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5 Best Practices for MoCA Installation and Maintenance

Once upon a time, in-home networks were viewed as the customer’s responsibility. Today, as competition intensifies, service providers are increasingly seeing the financial benefits of taking ownership of the customer’s entire service experience. According to Infonetics, home networking device revenue will increase to $17.0B by 2019 up from $14.8B in 2015. The huge potential for enhanced video services revenue has service providers scrambling for technology and operational advantages. This leads us to the important question: which in-home networking technology will best support the requirements for advanced services?

Bar chart showing home networking device revenue

MoCA device revenue has grown by more than 14% from 2013-15 and is projected to hit $5.3B by 2019 (source: Infonetics). This growth in MoCA STB revenue has been driven by service providers rolling out DVR sharing and other multi-media services. While, MoCA technology adoption is expected to continue to grow, leading service providers are indicating that Wi-Fi technology will move beyond data services and become a key element of video service delivery. However, Wi-Fi technology suffers from well-known performance and reliability issues due to interference, coverage and congestion.

As a result, the MoCA Alliance has begun to promote MoCA as both a standalone technology and as a backbone to extend and support Wi-Fi. This makes MoCA attractive in two ways:

  1. Standalone MoCA deployments provide a relatively low-cost method of getting DVR and other multimedia sharing video services to multiple TVs using existing coax cabling.
  2. Hybrid MoCA/Wi-Fi deployments provide a high-performance, high-reliability MoCA backbone that enables high-quality video over Wi-Fi service to targeted areas, overcoming coverage, interference and congestions issues associated with Wi-Fi.

MoCA provides an industry and consumer accepted platform for home networking with sufficient bandwidth and QoS support to guarantee a high customer QoE. The future evolution of home networking is subject to change as new and existing technologies continue to evolve; however, with dozens of certified products and an installed base of millions of nodes, it is clear MoCA is going to be a key part of the home network for years.

However, MoCA will only benefit service providers if the costs associated with installing and maintaining the MoCA network can be controlled. Based on our experience working with leading service providers that have deployed MoCA technology, we have identified the following challenges and best practice methodologies for empowering front-line technicians to quickly identify and correct problems.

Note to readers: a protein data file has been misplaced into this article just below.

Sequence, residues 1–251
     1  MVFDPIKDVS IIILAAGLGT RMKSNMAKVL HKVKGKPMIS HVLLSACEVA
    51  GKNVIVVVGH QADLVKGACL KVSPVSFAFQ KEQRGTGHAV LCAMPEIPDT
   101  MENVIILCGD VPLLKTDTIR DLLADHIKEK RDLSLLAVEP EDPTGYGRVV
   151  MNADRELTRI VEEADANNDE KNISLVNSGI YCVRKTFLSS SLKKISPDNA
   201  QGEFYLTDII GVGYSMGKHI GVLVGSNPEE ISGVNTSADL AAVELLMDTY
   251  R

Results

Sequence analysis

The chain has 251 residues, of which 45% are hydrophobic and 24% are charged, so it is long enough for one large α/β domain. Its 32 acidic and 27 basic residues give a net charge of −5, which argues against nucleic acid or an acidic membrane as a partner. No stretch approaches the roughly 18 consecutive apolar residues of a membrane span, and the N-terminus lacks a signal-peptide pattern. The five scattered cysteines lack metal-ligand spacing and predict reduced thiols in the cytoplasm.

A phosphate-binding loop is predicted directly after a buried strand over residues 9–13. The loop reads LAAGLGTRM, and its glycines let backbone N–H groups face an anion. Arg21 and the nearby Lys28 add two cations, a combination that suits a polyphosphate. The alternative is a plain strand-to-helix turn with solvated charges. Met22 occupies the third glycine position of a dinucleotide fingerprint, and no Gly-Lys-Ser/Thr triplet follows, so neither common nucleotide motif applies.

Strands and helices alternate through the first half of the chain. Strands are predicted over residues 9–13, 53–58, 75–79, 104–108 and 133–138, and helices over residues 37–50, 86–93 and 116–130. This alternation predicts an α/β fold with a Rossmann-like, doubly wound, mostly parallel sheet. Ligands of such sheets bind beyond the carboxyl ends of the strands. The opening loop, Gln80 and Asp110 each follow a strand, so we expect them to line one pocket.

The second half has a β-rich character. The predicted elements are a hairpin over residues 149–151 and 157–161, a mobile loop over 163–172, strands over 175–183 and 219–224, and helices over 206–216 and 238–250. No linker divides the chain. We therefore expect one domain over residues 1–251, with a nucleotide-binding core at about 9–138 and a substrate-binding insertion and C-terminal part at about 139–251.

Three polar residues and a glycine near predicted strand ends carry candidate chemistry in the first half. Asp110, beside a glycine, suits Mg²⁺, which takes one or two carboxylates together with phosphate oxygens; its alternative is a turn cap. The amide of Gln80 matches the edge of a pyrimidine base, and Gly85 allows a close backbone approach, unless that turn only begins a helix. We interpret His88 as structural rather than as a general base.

MoCA Challenges

  1. Identifying the problem source – Even if a specific problem is identified, such as excessive attenuation or a coaxial cable fault, sectionalizing the home network to isolate the source can be problematic. Although 90% of problems are due to bad cabling or connectors/splitters, any number of other components could be the cause including amplifiers, band pass filters, un-terminated cables, or interference which affects the MoCA network.
  2. CPE statistics limitations – A multi-room DVR, cable/satellite set top box or other MoCA capable device may provide limited statistics such as MoCA PHY rates. These statistics will not direct the technician to problematic coaxial segments that may be causing reduced MoCA PHY rates.
  3. Swapping Components – Due to limited visibility into root causes for customer-reported issues, many technicians resort to swapping out equipment based on a best guess of the cause. Studies have shown that over 85 percent of these returned STBs are found to be in perfect working order.

MoCA Best Practices

  1. Pre-qualify MoCA Readiness – Pre-qualify the MoCA readiness of the home network infrastructure.
  2. Determine if service delivery to the home is okay – Once onsite, make sure the core/access network is delivering services to the home with no issues as a first step.
  3. Verify MoCA Readiness – Verify if the network is MoCA-ready by double checking the MoCA bandwidth, speed and node stats.
  4. Segment issues – Perform MoCA tests on each segment of the network and each node until an issue is found (at router, at each STB location, before/after each splitter/cable run).
  5. Verify On-Demand Video – If MoCA verification tests pass in all segmentation scenarios and issues are still occurring, then verify the on-demand video services by performing a VMOS test.

Providers who can quickly adapt their tools and services for the rapidly changing home network will have the advantage in quality, credibility, customer satisfaction, operational efficiencies and, ultimately, revenue.

To learn more about MoCA technology and in-home network tests, please read our white paper on MoCA Best Practices.

 
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